This is a slippery slope, b/c if you let people gain the benefits of multiple magic items when usually only 1 is gained, then what's to stop someone from getting like ... 4 magical shields... strap one to their back, one to their front, and have one in each arm.. then tell the GM that all the magical effects the shields give are working at the same time.
It would be madness, I say.. MADNESS!
But, honestly, it should be a GM judgement call.
The GM may decide that the Spell Guard Shield benefits you all the time as long as it's on your person. Some magic items work like that, where as long as you have it, you benefit from it. You only gain the AC bonuses of it if you use it actively. But, if you had the Spell Guard shield strapped over your back then the GM may say that it imparts the saving throw bonus (maybe it creates a magial aura around you, or maybe the GM would say it always creates a spell guard aura in front of itself, so having it on your back means your back gets extra saving throw protection.. which could be simply "spell guard saving throw bonus / 2", because unless your GM wants to get anal retentive about which direction you're being attacked from (which may be the case in situations like backstabs or a magician sneak-attacking you with magic from behind) a good rule of thumb is to just abstract things.. so assuming the spell guard is PASSIVELY being used strapped to you back, you'd only gain half of it's bonus via it protecting your back.
As far as two shields, though.. I don't know why there would be rules against using 2 shields for extra protection. In history, some combatants would use 2 shields to protect themselves from both sides.
The point of AC is that its an abstraction of both damage avoidance and soaking. You may dodge a blow, or your shield may block it, or it gets by and your armor blocks it.. all of that would be covered by AC in that "the blow didn't touch you". (This is why traditionally in D&D, you have dexterity added in for an AC bonus.. b/c tough armor makes it hard to penetrate, but good reflexes make you hard to hit in the first place).
you can argue that having 2 shields means you can double-up your active protection by having two moveable blockades around you.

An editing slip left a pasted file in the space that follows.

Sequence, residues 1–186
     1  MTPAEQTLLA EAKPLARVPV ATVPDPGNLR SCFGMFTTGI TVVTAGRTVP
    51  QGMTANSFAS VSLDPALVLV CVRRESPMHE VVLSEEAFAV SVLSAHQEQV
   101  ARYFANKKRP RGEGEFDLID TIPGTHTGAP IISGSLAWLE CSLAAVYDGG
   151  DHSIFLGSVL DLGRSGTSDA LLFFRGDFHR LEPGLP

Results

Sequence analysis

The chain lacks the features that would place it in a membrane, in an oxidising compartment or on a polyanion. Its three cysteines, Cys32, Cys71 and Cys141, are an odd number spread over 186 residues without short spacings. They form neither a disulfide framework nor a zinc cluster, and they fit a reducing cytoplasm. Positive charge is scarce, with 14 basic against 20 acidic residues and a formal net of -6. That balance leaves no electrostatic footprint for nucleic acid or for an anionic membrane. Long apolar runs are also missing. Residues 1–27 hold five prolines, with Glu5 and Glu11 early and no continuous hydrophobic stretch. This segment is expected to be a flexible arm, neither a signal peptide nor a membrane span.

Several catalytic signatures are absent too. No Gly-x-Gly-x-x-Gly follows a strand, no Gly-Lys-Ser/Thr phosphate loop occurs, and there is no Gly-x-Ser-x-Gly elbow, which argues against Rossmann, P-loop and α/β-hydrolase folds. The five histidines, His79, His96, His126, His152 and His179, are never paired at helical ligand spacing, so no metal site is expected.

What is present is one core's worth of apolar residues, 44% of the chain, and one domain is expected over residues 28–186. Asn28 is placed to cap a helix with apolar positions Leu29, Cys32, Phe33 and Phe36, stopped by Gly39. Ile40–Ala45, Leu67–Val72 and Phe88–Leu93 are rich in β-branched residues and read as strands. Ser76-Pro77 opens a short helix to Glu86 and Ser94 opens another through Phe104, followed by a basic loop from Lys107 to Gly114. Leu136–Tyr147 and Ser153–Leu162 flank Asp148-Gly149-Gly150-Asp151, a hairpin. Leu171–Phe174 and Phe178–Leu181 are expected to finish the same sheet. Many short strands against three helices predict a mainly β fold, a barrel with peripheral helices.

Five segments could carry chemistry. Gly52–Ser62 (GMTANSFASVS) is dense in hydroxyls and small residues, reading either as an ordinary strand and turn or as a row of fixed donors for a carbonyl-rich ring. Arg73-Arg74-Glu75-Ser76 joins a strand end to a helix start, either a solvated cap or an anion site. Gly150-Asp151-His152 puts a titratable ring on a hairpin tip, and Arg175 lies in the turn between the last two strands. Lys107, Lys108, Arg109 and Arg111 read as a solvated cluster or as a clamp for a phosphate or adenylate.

But, you can get into arguments over "combat awareness". A person can only focus on so many things at once. So, they notice something coming at them from one direction, they block with a shield. They notice something from the other direction, they block with the other shield. But, while they're raising shields to block everything.. it may lower their combat awareness as their vision gets blocked.. so they dont' notice someone with a spear jabbing it under the spears into their leg.
So, there's arguments for both gaining a bonus and for not getting a bonus since having to mess with both shields means you lose some vision, combat awareness, etc.
I know that's not what you were asking for, though.. you simply wanted to know if you'd gain the special benefits of the spell guard shield.
Honestly... you can argue this from another point...
"What if I strap the spell guard shield over the + 3 shield?"
You would probably get a penalty for it being awkward and unweildly, but if both are of fine craftsmanship and light-weight...
But, "layering" stuff has always been a point of contention in D&D. Back when they were differentiating shields as bucklers, shields and tower shields, you'd always have somebody go "what if I nail a few buckler+5's to my tower shield +3? Wouldn't that provide extra protection?"
The answer in invariable ... "it depends on what the GM allows".
But, what most GM's say is that the +X's and magic of an object are inherent to it as-is.. not if it's being layered or used as a part of some greater contraption.
EG: a buckler +5 would be very fine crafstmanship, and perhaps give a fighter heightened combat senses (whatever excuse to justify the +5). All of that is lost if you nail it to a tower shield, b/c you're no longer actively using it.
But, as I said earlier, if a power in an object forms a sort of "aura" around the player.. then just having the object on you may be enough. This isn't always the case, as rings, necklaces, etc have to be worn to gain their power. But, if you have an intelligent sword, it can telepathy with you even if it's sheathed.
So, unless there's specific descriptions about the object to help you and the GM come to a decision, it's really up to the GM.
And, a good GM will decide to go with what's best for power-balance of the game. Because the moment they start letting someone get away with something like using 2 shields, but only gaining the power perk of one of them while +X's from another.. there's going to be other players going "gee, how can I abuse this new loophole".. and if you have any munchkin players, they're going to start huge arguments to try to throw off the power-balance of the game in their favor.